Unemployment is actually close to 6% in Sioux Falls, with underemployment at or around 15%. Most Sioux Falls working class residents have at least two jobs to make ends meet.
You can read more on my blog where I follow state and city politics very closely
Thank you for your time,
Scott L. Ehrisman
April 13th, 2009 at 11:07 am
Warren, I don’t think you want to spread my â€˜tune’ around, I can’t hold a note. But you are free to spread my â€˜toon’ around (snark)
Oh shit! My Bad
As a resident for nearly 18 years I have found living and working in Sioux Falls to be a struggle.
You’re a patient man. I tried to sort my MP3 collection based upon genre and gave up after a couple of hours. I can’t imagine living somewhere for almost two decades and still struggling with it.
No offense, but if living and working here was half as hard for me as it sounds like it is for you… I’d move.
Well it hasn’t been ‘easy’ so to speak and I am single. I can’t imagine what it is like for people with kids. I probably would do better in another location, but at this point in my life, it would have to be a pretty good offer to get me to leave. The nice part about SF is that you can take a couple hour drive and enjoy ‘big city’ entertainment and come home without the ‘big city’ drama. That’s what always makes me shake my head about special interests and city hall, they want Sioux Falls to be a ‘big city’ when I think it is perfect size right now. People move here all the time from MPLS because they are tired of those hassles. I think if SF would adopt a ‘slow growth’ mentality, wages would be better and so would the quality of life.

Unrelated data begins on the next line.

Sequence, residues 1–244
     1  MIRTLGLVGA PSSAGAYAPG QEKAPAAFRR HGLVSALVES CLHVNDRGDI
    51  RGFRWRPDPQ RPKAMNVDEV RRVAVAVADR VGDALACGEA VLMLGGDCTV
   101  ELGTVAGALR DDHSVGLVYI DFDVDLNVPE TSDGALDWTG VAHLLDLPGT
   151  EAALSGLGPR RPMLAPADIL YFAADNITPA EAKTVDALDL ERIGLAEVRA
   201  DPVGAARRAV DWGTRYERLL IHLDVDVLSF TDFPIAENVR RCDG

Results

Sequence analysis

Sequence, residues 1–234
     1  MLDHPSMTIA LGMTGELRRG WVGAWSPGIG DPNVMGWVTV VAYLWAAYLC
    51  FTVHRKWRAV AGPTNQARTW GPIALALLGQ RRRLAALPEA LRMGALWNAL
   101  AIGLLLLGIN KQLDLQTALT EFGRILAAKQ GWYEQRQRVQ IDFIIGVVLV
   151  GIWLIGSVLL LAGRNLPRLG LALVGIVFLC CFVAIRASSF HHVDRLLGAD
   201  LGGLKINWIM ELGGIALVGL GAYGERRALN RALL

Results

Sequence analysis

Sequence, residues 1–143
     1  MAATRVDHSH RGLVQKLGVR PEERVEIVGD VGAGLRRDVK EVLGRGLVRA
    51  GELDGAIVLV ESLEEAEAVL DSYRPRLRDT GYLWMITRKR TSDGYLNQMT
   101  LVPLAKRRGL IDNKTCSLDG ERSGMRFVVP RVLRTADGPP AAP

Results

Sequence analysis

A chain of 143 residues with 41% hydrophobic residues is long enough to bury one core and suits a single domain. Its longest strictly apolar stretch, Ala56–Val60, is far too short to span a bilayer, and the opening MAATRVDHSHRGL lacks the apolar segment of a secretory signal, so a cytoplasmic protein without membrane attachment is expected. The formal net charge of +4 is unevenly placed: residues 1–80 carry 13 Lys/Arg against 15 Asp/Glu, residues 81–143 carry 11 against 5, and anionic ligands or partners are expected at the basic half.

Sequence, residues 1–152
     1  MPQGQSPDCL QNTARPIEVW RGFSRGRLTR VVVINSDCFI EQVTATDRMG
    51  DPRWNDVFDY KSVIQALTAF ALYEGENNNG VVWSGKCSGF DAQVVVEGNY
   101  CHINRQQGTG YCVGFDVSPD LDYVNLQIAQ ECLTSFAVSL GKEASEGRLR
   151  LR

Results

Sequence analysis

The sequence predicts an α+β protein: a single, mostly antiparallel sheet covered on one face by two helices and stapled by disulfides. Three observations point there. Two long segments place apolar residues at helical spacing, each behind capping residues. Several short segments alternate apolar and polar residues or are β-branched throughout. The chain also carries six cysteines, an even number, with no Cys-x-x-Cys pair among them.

I think if SF would adopt a ‘slow growth’ mentality, wages would be better and so would the quality of life.
I think well-planned growth would be an even better change. Paving over endless cornfields and pooping out beige tract-houses and strip malls onto them is poor planning.
But the roads leading to those paved cornfields are the best in the nation.
Welcome to SF;
Actually, we’re hte “Queen City”, which could become a tourist draw of its own…
And there would be much wailing and gnashing of teeth among the fundies.
On the bright side, usually when a neighborhood gets revitalized in most parts of the country, the gay folks are the first wave, followed by hipsters, and then yuppies. Pettigrew heights could pay off after all.